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Young people and their African heritage

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by Maxwell Haywood

As the nation prepares for the Commemoration of the two-hundredth anniversary of the abolition of the trans-Atlantic slave trade, the issue of reclaiming our history comes sharply into focus. Like many young people in the world, young Vincentians are searching for a meaningful identity.

Many Black young people’s lives have been positively changed because of their awareness of their African heritage. On Friday 26 January 2007, the prestigious New York Times carried an article on the great African American tennis player Serena Williams, who made a stunning comeback after going through two years of personal difficulties which negatively affected her tennis game.{{more}}

She is back in the game and winning against some formidable opponents. She recently won the Australian Open 2007 women’s tennis championship. This is due in large part to her awareness of her African heritage. According to the New York Times article, “she re-emphasized that one of the moments that helped lift her spirits was her first visit to Africa, in November, when she traveled to Ghana and Senegal.” The article quoted Serena as saying that in Ghana and Senegal.

“I saw things there that people were going through and had been through and saw a lot of things my ancestors went through,” she said. “And it couldn’t be worse than that, literally. I thought about that, and I think that helped me out a lot.”

Since my childhood in St. Vincent and the Grenadines (SVG), I have been hearing and reading expressions against African culture, heritage and history. This has forced me to ask aloud: what is the accumulative impact of this kind of information on our social fabric or capital?

The interesting thing about these anti-African expressions was that they encouraged me, as a child, to seek answers for myself since many of the people who were expressing these views were people whom I highly respected. My search put me on a journey to seek the truth. Over the years, I, and many others, have come to learn many fascinating truths or the other side of the story and our learning has been ongoing. This knowledge we attained, while seeking the truth, has made a positive and decisive difference in our lives! Now that the fog is gone, many of us are seeing clearly. Our navigation on the world’s turbulent waters and highways becomes less difficult because we are able to harness the tried and tested resources of our African heritage to overcome obstacles.

Since those days of my early youth in SVG, I recall hearing how Africans are cannibals. Oh yes! I cannot forget lies that said Africans have no culture and they are heathens. Later, I realized there is no other group of people on this earth who have such a long trail of culture and who love religion and God more than Africans. Moreover, they would go so far as to say that Africans who were born in Africa do not like Black people who were born outside of Africa; therefore it is a waste of time trying to re-build links and solidarity with our brothers and sisters in Africa. On the contrary, my experiences while I was in Africa, and my experiences with Africans whom I have met outside Africa do not convince me that Africans in Africa dislike Black people outside Africa.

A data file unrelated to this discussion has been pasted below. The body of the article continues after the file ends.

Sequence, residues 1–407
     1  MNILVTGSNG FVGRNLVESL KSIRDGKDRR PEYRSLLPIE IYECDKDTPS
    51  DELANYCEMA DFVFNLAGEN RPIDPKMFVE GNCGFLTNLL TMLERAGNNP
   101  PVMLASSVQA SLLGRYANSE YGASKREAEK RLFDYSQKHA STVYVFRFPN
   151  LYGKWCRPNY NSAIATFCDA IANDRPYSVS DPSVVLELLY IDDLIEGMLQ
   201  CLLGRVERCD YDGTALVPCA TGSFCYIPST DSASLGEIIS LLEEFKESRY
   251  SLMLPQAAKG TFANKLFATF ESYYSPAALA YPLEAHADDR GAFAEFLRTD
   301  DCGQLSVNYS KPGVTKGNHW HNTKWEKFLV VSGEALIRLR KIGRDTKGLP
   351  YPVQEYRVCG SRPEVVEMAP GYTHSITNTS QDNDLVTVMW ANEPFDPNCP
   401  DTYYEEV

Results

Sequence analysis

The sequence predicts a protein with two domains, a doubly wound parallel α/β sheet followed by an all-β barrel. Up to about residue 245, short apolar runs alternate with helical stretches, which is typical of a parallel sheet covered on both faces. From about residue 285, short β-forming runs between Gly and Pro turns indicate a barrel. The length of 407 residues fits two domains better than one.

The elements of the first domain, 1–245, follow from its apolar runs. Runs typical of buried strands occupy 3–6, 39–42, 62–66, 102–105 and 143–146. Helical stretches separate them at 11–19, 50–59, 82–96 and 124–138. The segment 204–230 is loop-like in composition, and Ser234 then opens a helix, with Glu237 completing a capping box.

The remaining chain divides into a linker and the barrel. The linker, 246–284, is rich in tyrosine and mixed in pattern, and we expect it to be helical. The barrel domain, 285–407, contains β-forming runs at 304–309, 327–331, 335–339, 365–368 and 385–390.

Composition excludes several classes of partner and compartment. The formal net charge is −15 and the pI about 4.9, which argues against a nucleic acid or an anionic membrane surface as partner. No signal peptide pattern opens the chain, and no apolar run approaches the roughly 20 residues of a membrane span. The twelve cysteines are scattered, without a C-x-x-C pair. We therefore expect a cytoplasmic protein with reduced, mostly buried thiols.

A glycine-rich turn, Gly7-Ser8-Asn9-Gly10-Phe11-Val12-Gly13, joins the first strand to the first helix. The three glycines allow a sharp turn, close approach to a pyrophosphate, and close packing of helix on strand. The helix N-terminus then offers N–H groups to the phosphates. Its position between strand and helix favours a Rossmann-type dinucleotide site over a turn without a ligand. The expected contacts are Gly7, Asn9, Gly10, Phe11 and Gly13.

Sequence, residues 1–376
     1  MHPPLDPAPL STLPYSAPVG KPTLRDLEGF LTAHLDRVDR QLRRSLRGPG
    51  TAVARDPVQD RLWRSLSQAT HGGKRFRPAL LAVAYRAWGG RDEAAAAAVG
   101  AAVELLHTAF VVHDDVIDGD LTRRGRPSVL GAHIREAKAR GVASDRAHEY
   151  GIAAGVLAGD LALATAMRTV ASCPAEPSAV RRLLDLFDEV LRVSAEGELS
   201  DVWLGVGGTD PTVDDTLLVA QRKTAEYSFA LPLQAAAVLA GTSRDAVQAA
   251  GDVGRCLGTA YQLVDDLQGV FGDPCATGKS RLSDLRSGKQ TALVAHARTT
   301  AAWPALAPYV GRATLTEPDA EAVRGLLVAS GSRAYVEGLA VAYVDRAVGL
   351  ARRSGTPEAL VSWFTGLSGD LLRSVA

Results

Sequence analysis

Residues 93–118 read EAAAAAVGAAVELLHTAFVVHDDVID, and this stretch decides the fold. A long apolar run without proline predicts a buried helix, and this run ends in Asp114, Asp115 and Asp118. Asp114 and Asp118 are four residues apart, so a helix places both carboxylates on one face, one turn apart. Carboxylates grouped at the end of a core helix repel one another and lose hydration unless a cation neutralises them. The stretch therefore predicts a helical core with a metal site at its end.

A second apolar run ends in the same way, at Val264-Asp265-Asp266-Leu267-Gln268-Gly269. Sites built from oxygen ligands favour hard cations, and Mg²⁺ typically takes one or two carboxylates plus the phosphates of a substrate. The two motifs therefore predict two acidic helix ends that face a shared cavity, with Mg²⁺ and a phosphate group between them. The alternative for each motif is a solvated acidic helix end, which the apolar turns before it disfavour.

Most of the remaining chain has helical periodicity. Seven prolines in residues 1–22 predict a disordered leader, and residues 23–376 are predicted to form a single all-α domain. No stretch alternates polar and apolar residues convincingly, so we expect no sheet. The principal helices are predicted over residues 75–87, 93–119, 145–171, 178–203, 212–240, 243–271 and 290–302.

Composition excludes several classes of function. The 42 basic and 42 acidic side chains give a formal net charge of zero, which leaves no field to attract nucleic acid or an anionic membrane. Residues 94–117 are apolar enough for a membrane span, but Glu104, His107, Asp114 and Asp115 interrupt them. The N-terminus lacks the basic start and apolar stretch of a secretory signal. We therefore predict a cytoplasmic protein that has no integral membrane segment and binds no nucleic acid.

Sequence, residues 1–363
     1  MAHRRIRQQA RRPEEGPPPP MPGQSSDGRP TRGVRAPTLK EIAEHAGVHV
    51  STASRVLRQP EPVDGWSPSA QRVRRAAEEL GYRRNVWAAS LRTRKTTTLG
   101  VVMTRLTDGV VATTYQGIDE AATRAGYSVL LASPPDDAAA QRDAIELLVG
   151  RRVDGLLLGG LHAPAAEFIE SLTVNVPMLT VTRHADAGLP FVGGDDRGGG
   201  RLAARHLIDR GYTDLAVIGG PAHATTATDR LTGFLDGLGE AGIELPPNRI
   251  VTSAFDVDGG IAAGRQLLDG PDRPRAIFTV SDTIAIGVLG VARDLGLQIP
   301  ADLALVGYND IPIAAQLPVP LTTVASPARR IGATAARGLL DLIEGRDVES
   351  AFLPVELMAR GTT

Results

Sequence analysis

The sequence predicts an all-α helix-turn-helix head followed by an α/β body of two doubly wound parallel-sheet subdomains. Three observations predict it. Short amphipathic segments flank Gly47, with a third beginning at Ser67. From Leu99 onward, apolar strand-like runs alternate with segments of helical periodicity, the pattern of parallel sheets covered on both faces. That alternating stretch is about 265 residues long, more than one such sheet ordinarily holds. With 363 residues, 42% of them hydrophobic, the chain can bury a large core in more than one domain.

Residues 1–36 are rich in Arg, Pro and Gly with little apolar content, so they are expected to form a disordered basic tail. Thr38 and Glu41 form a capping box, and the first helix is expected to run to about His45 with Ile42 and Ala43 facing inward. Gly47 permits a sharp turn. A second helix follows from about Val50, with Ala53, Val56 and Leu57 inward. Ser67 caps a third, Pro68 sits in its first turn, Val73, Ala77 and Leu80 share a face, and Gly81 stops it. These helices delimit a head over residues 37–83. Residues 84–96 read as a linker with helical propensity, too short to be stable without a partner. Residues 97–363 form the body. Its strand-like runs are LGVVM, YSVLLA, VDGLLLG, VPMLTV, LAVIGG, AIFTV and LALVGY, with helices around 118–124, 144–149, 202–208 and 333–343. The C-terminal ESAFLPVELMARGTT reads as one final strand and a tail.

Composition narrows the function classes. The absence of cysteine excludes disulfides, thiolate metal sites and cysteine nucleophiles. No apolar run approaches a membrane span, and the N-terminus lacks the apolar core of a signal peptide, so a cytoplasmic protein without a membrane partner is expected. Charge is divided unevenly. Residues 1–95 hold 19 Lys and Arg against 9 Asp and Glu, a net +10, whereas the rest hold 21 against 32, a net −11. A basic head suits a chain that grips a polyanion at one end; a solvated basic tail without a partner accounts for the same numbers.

Frequently, it has been a lonely road in many cases for those who without any apology are proud of their African heritage. For instance, is it possible that the dislike for Rastafarians and the official contempt that was held for Spiritual Baptists are in large part due to this hatred for anything African?

Many of my generation were committed to accentuating our African heritage. But the more we did, the more we drew resistance. This attempt to cut us off from our heritage, history and culture of progress was unproductive, because it hindered us from fully embracing the best in our African tradition. Specifically, it served to alienate many Vincentians from the rich tradition of solidarity, self-reliance and collective security

which our ancestors had to depend on in order to survive: their capture in Africa, the unimaginable hardships of the middle passage, the heart-wrenching experience on the slave plantations here in the Caribbean, and the continued difficult social conditions up to today.

I remember while growing up in SVG many young women and men did not want to be associated with anything African since to do so would have brought wrath upon them by their parents, other family members, and other people in the society. But today, I am beholding many young women and men with an open mind toward African heritage. And many of those in the times of my teenage years who were hostile to African heritage have seen the glory and are now embracing it and using it as a shield against negative social forces.

So, much has been changing and many people have been learning. However, anti-African feelings still exist in too many people in all social classes and population groups. With regard to this anti-African attitude, here again, I must ask: what is the impact on our social fabric or capital?

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